Advising and Coaching to Help Students Succeed
I believe coaching is similar to college advising in so many different ways. I have been coaching high school football since 2014 and have been an AdviseMI college adviser for two years. Both roles require a lot of patience and teaching. During my time coaching, I have discovered that not every athlete learns the same way. For example, some of my players just need a play sheet to memorize and study the plays, while others need visual demonstrations on either a white board or on the field with moving people. College advising is the same way; some students learn the college process from listening to me speak, some need a PowerPoint presentation with visuals, and lastly, some need a one-on-one advising session to really make the material stick.
Both coaching and advising involve building relationships with students from diverse cultural backgrounds. Football coaching has taught me how to work individually with each student. Some athletes need tough love, and some just need a pat on the back and a reminder that you support them. I truly believe this results in a trust factor. Once you start earning students’ trust and they know you care about them, they will listen to the guidance you offer. This holds true for advising as well. In my role as an AdviseMI adviser, one of the greatest strengths I have had is my relationship with the students. They know I care about them and only want the best, so they trust my help and guidance in navigating the college process. I still have students from last year asking for my opinion on certain classes, and requesting I look over their FAFSA. One of my favorite quotes by Theodore Roosevelt is particularly fitting: “Nobody cares how much you know, until they know how much you care.”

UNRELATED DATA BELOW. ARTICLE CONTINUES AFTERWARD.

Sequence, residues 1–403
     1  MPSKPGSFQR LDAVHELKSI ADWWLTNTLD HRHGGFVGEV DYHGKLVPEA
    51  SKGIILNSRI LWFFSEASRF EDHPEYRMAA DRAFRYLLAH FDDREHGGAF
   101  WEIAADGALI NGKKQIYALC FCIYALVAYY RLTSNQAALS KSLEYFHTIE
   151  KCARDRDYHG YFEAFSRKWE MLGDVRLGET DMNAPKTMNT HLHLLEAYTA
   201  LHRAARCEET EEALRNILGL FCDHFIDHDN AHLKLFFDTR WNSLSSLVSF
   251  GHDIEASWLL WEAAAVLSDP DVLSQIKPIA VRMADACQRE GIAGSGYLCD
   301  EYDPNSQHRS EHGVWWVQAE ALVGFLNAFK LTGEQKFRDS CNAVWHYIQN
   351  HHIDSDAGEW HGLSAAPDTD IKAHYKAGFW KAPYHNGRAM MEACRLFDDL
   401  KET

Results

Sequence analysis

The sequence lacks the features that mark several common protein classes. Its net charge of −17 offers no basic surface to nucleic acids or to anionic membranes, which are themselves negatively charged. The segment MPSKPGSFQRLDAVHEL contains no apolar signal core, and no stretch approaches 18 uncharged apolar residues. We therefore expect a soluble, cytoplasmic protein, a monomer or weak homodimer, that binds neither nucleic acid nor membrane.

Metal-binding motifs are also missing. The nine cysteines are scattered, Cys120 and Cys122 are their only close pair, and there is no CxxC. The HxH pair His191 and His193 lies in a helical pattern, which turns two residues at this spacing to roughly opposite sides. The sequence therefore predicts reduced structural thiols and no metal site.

Through my service as a college adviser, I have learned the ins and outs of the college admission process. This has enabled me to become a much better coach as well. I handle the recruiting at Center Line High School for most sports. We had more than eight student athletes go on to play college athletics last year, and expect to have around six do the same this year. Because I know how the college admission process works, I can help these students target schools based upon their academic skill levels, to match the requirements to get in. Many college coaches have told me during recruiting that the knowledge I have in the college process as a whole makes recruiting students from Center Line so much easier. From transcript retrieval, FAFSA submission, completion of college applications and outside scholarships, to understanding how students can use the Michigan Tuition Incentive Program and Pell Grant to help fund their education — I owe this knowledge to AdviseMI.
AdviseMI has done a lot for my professional career. When I first entered the cohort I had no idea what advising work was like, and the disservice experienced by students who don’t have a full-time college adviser on staff. I am grateful for the opportunity to learn and work with AdviseMI toward college access, and to be able to provide support and guidance to the students who otherwise would not have as much support. I encourage anyone who works in public education to also coach a sport, and help build relationships with their students.
Zachary Zimmerman is a second-year adviser at Center Line High School. He also coaches high school football and writes about using similar techniques in both coaching and college advising.